Hyde Lecturer: Robert Olshansky

Date: Time: 4:30 pm
Richards Hall Room: 15
Additional Info: RH
Abstract: Humankind has faced natural disasters since the beginning of civilization, and we will continue to do so for a long time. Disasters disrupt urban functions that support human lives and livelihoods. As a profession that seeks to improve the lives of urban residents, we should care about disasters. The past few decades have seen the rise of disaster mitigation—actions to reduce the effects of disasters before they occur—as national policy, and planners have played important roles in this. Most of the US population is now covered by a local hazard mitigation plan. Despite this, there is still much to do.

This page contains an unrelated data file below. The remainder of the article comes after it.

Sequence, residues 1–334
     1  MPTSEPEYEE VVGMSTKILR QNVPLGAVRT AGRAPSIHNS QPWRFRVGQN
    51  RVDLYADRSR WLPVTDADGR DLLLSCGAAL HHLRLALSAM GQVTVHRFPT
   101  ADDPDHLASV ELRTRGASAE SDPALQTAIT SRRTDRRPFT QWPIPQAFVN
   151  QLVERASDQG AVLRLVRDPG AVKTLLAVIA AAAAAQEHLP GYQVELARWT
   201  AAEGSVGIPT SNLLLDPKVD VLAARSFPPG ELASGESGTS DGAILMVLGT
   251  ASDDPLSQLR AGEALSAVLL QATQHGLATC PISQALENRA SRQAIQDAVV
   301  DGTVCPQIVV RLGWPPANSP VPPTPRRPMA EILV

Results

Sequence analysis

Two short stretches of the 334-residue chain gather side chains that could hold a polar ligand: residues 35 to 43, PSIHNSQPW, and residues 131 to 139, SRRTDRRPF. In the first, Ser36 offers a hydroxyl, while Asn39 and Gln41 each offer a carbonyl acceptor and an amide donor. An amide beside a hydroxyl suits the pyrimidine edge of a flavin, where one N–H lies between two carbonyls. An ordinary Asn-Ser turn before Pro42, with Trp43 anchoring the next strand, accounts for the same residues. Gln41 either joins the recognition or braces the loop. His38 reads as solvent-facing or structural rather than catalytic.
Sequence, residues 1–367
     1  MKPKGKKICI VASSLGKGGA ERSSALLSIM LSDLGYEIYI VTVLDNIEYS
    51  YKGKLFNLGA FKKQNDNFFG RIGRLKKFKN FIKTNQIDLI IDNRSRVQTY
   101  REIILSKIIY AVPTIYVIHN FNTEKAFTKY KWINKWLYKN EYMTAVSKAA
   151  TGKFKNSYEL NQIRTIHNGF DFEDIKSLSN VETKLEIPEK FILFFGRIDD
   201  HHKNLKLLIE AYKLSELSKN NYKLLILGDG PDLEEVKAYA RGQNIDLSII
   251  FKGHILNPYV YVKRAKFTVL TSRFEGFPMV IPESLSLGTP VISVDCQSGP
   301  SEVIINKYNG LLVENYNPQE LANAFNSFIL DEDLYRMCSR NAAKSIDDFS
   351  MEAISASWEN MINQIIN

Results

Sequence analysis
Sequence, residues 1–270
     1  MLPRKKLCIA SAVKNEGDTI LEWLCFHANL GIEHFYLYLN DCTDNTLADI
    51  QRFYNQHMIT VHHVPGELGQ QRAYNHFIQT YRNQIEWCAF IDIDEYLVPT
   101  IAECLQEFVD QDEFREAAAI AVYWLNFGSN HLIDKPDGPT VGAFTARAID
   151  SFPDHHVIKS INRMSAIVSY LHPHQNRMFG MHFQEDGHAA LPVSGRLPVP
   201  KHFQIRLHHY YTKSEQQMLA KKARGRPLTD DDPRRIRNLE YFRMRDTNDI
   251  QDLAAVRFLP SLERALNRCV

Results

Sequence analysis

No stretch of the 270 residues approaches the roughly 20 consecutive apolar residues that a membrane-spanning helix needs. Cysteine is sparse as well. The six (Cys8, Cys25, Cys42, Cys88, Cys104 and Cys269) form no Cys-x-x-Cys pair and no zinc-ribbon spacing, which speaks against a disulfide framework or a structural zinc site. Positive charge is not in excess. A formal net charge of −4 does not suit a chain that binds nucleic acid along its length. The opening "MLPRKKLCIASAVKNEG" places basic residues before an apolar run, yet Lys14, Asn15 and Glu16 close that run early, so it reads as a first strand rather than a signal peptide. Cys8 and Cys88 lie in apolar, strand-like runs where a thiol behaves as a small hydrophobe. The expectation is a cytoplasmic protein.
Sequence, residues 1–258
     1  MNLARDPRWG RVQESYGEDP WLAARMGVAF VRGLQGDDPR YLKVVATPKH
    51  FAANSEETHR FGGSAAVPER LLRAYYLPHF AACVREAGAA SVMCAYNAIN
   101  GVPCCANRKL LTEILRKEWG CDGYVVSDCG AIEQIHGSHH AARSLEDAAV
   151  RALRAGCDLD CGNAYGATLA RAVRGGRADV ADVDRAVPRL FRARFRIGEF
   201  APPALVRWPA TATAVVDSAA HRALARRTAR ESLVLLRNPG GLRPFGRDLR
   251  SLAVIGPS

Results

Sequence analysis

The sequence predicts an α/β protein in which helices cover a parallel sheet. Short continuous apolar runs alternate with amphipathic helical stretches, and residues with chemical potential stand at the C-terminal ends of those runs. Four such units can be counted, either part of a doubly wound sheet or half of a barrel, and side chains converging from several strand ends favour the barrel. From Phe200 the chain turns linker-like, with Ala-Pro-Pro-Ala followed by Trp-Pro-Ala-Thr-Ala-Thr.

Furthermore, there are other ways to think about the disaster problem. Most of this presentation will focus on the significance of the post-disaster recovery process, both as an idea and as a policy framework. The effects of disasters extend over time, and improvements in the recovery process can lessen these effects. Furthermore, disaster recovery provides opportunities for urban improvement, including long-term mitigation for future disasters. Finally, thinking ahead of time about post-disaster recovery is an effective way to begin to talk about urban resilience.

Hosted by University of Nebraska - Lincoln / Community and Regional Planning

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